Tilman, an interaction and graphic designer living and working in and near Nuremberg, Germany, posts daily geometric compositions on Geometry Daily. Beautiful.
Our speaker at the July 2012 CreativeMornings here in New York was the charming and incredibly talented Kelli Anderson. She is an artist/designer and tinkerer who is always experimenting with new means of making images and experiences. You might have seen her TED talk, or maybe her paper record player? She is one of my all-time favorite designers. And she makes amazing fudge.
I just spent an eternity browsing Post Typography. Go, get your mind blown.
“I move things around until they look right.”
– Milton Glaser
Milton Glaser explaining Graphic Design in an On Curiosity Interview.
Less and More: The Design Ethos of Dieter Rams explores Dieter Rams’ work. #wishlisted.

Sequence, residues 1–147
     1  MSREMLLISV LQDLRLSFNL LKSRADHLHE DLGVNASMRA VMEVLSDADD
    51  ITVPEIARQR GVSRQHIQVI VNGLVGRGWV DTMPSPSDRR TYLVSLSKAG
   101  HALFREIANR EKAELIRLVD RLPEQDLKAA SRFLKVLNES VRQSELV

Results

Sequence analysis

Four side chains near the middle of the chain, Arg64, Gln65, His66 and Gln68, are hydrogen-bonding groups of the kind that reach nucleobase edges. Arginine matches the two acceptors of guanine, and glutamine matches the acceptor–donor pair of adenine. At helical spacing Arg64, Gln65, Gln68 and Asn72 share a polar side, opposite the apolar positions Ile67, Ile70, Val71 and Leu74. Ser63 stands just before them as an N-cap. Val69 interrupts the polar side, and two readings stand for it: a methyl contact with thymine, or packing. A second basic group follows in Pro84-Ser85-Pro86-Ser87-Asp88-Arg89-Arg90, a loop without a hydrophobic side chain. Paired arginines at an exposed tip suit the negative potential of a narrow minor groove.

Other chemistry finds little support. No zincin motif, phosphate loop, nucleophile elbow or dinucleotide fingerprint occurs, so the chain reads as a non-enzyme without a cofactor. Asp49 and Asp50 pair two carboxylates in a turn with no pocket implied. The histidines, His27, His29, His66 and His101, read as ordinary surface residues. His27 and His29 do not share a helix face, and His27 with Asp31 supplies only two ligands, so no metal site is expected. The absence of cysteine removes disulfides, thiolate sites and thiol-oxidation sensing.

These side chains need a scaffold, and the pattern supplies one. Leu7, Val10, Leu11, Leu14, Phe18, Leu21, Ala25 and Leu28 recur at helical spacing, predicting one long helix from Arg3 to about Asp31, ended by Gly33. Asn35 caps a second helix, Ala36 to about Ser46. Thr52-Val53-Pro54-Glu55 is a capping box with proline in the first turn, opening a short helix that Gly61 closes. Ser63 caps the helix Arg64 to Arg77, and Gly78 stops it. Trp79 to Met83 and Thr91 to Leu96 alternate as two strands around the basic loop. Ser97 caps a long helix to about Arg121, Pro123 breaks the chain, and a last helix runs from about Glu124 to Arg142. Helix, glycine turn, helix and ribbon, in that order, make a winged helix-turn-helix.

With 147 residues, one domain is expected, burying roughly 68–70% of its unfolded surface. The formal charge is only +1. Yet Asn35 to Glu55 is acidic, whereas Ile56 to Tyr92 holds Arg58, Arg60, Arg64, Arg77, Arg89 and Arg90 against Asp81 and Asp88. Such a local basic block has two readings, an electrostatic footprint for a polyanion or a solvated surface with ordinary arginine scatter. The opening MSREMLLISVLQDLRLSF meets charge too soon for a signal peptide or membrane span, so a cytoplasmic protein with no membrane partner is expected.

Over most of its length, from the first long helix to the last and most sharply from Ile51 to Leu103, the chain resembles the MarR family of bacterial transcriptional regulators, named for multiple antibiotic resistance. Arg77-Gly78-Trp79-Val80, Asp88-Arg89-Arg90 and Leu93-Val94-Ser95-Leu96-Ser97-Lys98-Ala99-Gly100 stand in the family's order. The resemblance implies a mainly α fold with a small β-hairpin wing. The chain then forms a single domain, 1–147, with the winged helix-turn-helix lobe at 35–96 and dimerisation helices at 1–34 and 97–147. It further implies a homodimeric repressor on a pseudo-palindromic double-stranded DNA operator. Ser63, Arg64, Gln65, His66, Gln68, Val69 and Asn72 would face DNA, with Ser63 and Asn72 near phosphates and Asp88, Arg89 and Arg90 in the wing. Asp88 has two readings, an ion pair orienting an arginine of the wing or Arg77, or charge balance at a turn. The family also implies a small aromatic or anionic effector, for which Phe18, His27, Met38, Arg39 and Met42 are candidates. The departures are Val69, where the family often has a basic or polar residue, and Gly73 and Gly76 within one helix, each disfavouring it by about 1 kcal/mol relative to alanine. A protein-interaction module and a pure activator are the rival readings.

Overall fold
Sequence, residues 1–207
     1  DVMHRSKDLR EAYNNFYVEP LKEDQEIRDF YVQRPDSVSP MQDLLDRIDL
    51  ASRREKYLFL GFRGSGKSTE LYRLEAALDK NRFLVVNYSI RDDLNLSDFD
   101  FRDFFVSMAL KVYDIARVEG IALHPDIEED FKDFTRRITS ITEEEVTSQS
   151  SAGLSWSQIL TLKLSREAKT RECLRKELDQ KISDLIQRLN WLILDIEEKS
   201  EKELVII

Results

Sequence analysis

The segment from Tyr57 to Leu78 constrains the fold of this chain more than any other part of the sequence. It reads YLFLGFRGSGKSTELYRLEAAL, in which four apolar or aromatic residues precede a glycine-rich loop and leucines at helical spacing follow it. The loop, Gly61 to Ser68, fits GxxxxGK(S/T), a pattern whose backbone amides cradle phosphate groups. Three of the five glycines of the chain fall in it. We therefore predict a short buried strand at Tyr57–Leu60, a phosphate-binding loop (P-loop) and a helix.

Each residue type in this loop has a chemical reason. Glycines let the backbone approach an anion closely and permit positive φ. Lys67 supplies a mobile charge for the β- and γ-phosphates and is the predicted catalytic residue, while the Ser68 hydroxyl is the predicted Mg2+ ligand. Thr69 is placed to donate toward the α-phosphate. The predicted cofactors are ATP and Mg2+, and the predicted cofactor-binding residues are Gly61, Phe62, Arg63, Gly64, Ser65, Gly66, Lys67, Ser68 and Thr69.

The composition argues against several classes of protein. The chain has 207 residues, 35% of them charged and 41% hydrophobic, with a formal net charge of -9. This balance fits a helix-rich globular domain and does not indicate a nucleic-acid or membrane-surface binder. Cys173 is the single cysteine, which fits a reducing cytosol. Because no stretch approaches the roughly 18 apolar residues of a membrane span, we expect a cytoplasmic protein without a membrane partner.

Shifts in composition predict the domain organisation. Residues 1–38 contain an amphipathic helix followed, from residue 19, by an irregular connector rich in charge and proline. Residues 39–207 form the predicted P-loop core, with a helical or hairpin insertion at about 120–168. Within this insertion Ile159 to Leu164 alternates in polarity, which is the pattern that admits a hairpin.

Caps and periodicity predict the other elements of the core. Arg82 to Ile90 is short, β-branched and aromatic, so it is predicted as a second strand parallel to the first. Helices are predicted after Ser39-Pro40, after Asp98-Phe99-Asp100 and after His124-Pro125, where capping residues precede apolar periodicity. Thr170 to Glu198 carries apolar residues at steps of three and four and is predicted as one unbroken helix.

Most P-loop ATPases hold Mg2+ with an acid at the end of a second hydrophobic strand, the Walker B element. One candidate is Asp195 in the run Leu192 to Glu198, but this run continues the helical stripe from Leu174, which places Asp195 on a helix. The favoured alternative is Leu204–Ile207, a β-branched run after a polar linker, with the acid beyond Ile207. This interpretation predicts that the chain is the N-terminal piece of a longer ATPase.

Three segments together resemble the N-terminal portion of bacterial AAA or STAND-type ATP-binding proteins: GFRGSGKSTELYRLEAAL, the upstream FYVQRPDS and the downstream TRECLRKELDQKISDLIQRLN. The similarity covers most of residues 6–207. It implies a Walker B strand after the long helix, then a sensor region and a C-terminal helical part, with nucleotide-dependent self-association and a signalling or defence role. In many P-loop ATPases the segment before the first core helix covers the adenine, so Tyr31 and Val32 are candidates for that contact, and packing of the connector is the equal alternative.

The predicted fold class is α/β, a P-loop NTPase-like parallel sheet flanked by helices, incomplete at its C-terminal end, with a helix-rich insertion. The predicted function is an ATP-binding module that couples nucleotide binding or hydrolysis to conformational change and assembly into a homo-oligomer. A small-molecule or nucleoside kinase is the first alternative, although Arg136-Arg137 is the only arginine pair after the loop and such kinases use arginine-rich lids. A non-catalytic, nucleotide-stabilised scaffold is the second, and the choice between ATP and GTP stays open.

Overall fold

Found it via Josh Clark’s List of Gifts for Designers, Nerds, and Mobile Mavens
UPDATE: I apparently didn’t properly credit the work: The invite was designed by studio Melangerie Inc and Lesley Weiner worked collaboratively on the design. And you can get your custom invite over at Etsy.
A little over a year ago three German students tested the design viability of a shiny black cube. They asked established designers and design critics to assess the cube. Above is the video with design legend Dieter Rams.
I agree with Steve Heller, you’ll never look at a cube the same way again (or will you?).
Read more: Daily Heller: In CUBE We Trust
UPDATE: They just launched their site: the-black-cube.com
While I am not crazy about the foul language in this stop animation, I am completely in love with the fact that Comic Sans fights back. The last sentence made me laugh out loud. The original monologue was written by Mike Lacher but the animation is by Joe Hollier who also created this amazing stop animation called My Visual Diary.
Don’t we all have a lifetime of dinner table photographs, each celebrating a holiday, birthday, or special event. Pictures that depict the same dinner table and usually the same cast of characters — family members, friends, neighbors. Combined, they create a seemingly never-ending scene. Colored dots represent the designer’s relationship to each person. I absolutely love this idea. Hat tip to Kim Bentley!
(thank you Kyle)